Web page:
Generations


Photo blog day 164, January 24, 2011

My grandfather was an avid photographer.  He had his own dark room and always wanted the best camera he could afford.  Unfortunately, by the time I was old enough to know any better, he had moved on to a different hobby.  As a child I used to pass through my grandparent’s basement and look inside the “darkroom” trying to figure out what it was.  It was mostly full of boxes and storage items but I never knew why someone would build a room in the middle of the basement with no walls and a black curtain for a door.  When I was told it was a dark room, I remember thinking “well, that’s because there are no windows!” As I flitted through my childhood my memories of my grandfather were of him holding a hammer, or a drill, or pencil and paper.  He was a craftsman, he loved carpentry.  Having built at least three houses that I knew of his passion for woodwork grew and he pulled away from photography. By the time I was 12 or 13 he was building furniture for all the grandchildren.  I never heard him talk about photography.  My grandfather taught me so many things, how to hammer a nail, how to measure wood (measure twice, cut once), how to use carpentry equipment like band saws and belt sanders.  He taught me how to prepare and stain wood (most of which I have forgotten) but mostly he taught me that you have to have patience.  Wait for the glue to dry before you sand it down, wait for the first coat of stain to set before you add another.  I can’t say that I have applied that same patience to anything else in my life but in those quiet afternoons listening to Ella, Bing, Nat, and Thelonius Monk belt out the tunes on the AM radio it was easy to let the buzz of being an adolescent go and just enjoy my time with my grandfather.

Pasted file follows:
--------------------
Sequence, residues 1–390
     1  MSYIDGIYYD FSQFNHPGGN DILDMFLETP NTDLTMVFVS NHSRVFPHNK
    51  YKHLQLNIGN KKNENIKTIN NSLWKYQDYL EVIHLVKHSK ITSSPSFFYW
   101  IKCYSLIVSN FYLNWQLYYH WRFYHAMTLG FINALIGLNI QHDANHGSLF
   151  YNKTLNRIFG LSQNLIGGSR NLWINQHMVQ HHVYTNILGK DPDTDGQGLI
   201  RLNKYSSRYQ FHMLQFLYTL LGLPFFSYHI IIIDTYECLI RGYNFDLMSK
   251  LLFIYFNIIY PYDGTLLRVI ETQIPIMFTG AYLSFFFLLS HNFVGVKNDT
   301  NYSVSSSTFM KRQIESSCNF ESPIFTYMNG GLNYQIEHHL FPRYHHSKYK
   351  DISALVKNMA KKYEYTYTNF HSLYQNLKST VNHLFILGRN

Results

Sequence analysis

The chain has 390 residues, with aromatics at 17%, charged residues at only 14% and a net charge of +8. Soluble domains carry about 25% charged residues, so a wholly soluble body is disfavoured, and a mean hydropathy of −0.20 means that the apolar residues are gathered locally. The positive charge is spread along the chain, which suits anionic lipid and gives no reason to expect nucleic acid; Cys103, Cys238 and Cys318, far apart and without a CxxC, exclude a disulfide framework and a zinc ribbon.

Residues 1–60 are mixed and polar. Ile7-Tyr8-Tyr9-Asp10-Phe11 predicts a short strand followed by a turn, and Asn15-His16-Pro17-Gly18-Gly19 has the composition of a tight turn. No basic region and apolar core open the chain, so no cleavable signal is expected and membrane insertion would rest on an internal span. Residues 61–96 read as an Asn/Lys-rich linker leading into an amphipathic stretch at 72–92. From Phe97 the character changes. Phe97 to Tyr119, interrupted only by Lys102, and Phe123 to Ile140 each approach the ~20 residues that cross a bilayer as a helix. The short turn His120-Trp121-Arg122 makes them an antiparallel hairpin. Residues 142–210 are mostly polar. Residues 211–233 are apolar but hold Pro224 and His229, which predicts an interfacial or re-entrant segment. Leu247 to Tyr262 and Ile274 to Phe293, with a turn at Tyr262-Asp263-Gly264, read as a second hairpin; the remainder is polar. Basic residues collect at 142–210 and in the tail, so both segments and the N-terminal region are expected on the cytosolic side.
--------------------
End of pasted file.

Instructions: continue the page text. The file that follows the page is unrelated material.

My grandfather passed away when I was just shy of 17.  I visited him in the hospital several times and always enjoyed my visits with him.  I don’t think when I went to see him there that it ever occurred to me that he wouldn’t be there as I grew up. Today would have been my grandfathers 87th birthday.  Having a birthday so close to his (mine was 2 days ago) only solidified my relationship with him further.  For several years after his death I frequently would have dreams about him.  In some he would talk to me about things I was doing but mostly he was just there, quietly sitting, patiently listening.  The year I had my son I bought my first SLR camera.  A few months later I had another dream about my grandfather.  This time we were out taking photos together.  I was frustrated because I wasn’t learning fast enough.  He paused and told me to slow down.  He then said that if it helped I could use his first camera.  I woke before he could hand it to me.  I called my aunt a few days later to tell her about the dream and ask if any of his cameras were still around.  They were and she brought me the box of his photography and film equipment.  I can’t say for sure whether any of the camera’s were the one I saw in my dream but it didn’t matter.  I had a piece of my grandfather that I didn’t know existed.  My aunt says Grandpa is smiling down from Heaven knowing that one of his grandchildren shares a passion for photography as he did.  Happy Birthday Grandpa, we miss you.

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3 comments on “Generations”

  1. Such a touching tribute to your grandfather…really beautiful.

  2. thanks jess, love mom

  3. happy birthday jess


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